Compelling story
Having reported stable macro economic indicators (which are much more positive than 6-7 years ago) Sri Lanka’s story is compelling in the eyes of the foreign investor with strong 7 percent plus GDP growth, mid-single digit inflation, bank lending rates falling to low double digit figures and stable currency position.

Also albeit still running a twin deficit and the currency likely to depreciate 3-4 percent per annum over the medium term, does not scare the investors as long as corporate earnings growth remains at high teens or above. Hence in my opinion, maintaining strong corporate earnings growth remains a challenge not only for the corporate sector but for the CSE as well, since market price growth is likely to ride the net profit growth wave. Despite a reduction in corporate taxation rates few years back, the corporate sector is still burdened by a gamut of various taxes at the top line which affects their overall sales volumes and concurrently the margins and profits.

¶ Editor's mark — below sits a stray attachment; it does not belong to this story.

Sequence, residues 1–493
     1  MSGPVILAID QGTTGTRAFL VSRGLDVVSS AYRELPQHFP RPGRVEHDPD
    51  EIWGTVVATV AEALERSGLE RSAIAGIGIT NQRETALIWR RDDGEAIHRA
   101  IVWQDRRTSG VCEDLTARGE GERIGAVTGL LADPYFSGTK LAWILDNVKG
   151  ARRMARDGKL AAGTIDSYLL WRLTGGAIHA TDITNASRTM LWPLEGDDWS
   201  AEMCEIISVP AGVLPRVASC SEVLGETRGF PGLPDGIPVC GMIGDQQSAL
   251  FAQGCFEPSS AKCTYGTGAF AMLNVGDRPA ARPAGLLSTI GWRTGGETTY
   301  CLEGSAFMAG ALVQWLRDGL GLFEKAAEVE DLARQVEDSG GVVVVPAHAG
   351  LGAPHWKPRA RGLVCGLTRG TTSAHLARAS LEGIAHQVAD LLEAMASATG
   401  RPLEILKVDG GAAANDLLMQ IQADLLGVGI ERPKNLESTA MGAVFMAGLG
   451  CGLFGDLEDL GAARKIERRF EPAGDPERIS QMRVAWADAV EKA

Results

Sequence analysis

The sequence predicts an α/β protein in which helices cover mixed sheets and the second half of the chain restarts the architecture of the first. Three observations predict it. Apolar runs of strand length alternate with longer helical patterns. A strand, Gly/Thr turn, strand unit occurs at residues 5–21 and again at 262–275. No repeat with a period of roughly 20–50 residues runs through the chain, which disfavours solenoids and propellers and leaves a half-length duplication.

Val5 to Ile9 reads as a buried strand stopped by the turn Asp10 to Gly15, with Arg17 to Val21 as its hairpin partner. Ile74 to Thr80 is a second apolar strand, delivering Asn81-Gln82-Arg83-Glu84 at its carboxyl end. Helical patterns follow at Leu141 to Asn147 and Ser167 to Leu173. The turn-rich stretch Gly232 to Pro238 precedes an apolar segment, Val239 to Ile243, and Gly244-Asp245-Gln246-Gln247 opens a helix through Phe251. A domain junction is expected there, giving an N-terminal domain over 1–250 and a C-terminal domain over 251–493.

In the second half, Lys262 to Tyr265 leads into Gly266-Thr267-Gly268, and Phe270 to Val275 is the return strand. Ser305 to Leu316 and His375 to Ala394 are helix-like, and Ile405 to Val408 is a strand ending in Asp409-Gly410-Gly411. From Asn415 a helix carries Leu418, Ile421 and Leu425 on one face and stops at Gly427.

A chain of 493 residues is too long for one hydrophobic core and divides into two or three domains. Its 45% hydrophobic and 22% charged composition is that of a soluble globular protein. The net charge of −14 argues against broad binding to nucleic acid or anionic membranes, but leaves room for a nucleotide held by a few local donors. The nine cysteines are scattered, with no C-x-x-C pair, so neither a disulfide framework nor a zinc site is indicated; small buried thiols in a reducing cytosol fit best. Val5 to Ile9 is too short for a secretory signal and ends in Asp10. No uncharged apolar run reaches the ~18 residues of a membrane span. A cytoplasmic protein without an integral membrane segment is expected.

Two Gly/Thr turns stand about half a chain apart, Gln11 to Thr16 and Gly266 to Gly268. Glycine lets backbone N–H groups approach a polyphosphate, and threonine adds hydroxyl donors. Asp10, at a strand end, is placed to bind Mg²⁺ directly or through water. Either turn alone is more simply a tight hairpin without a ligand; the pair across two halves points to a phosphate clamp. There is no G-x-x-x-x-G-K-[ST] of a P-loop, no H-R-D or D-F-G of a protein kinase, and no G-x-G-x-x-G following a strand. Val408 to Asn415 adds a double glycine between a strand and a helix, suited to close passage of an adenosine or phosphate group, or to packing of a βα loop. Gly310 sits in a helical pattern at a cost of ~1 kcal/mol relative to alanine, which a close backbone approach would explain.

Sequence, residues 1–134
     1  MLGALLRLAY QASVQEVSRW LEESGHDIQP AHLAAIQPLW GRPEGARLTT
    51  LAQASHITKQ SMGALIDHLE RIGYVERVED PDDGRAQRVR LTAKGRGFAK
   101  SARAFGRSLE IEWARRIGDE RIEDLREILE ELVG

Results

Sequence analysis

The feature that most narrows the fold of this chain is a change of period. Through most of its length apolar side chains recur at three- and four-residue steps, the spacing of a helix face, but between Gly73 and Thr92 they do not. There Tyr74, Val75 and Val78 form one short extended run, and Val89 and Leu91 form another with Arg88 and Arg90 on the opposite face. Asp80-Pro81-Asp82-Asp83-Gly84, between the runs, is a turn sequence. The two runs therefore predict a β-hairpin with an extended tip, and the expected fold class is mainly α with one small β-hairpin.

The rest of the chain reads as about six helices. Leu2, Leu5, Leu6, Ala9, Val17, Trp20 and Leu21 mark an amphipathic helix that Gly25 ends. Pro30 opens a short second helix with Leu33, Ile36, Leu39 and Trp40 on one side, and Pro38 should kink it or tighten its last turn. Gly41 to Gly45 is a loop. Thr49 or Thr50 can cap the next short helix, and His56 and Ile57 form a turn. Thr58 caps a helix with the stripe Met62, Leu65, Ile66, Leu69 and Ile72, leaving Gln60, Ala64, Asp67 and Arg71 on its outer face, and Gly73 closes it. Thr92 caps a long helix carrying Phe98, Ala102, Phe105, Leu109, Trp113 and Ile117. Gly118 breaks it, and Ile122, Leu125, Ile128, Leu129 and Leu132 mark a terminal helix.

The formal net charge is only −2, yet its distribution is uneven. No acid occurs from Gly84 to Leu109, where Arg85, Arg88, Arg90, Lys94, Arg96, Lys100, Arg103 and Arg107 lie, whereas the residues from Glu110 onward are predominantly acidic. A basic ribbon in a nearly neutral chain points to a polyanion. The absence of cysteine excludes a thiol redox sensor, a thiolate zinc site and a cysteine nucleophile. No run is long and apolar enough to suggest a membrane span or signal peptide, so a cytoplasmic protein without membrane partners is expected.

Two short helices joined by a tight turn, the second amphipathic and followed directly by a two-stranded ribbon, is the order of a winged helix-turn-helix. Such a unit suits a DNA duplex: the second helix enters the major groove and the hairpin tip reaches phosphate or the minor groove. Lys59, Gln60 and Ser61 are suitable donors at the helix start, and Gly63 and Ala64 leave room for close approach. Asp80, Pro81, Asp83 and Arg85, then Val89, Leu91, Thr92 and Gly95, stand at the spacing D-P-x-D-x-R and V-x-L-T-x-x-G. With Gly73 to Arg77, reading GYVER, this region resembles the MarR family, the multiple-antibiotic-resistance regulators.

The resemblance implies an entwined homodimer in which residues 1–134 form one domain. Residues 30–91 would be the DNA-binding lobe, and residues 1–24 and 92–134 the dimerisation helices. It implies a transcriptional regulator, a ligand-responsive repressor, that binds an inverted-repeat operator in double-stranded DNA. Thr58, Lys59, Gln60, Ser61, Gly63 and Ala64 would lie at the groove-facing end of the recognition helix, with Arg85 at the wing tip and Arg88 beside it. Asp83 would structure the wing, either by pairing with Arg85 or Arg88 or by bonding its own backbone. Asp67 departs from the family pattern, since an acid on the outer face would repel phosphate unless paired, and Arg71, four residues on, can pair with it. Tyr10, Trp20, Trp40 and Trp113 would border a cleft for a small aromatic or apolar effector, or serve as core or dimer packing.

Therefore the cost of doing business remains high and encouragement for entrepreneurship and R&D is still lacking. Also what was visible during the last few months were that despite the favourable macro indicators, consumer’s real purchasing power was weak.



GDP growth numbers
It is true that this is an anomaly which attracts much skepticism and goes to the extent of questioning the economic indicators. However in my view GDP growth numbers depict the actual growth of the national economy which was largely driven by the state-sponsored infrastructure investments and questioning the accuracy of the reported economic growth figures seems baseless. While the reasoning for the weak purchasing power of the citizens are due to lowering disposable income levels especially among the urban population despite a growth in both per capita GDP and GNP. Employed middle class is a key segment which drives domestic consumption and the disposable incomes of this segment has been heading south. And this is the challenge I see for the corporate profit growth. Disposable incomes of this segment are narrowing mainly because of limited job creation in the private sector, stagnation of private sector salaries and a sharp rise in cost of urban consumer’s basket of goods.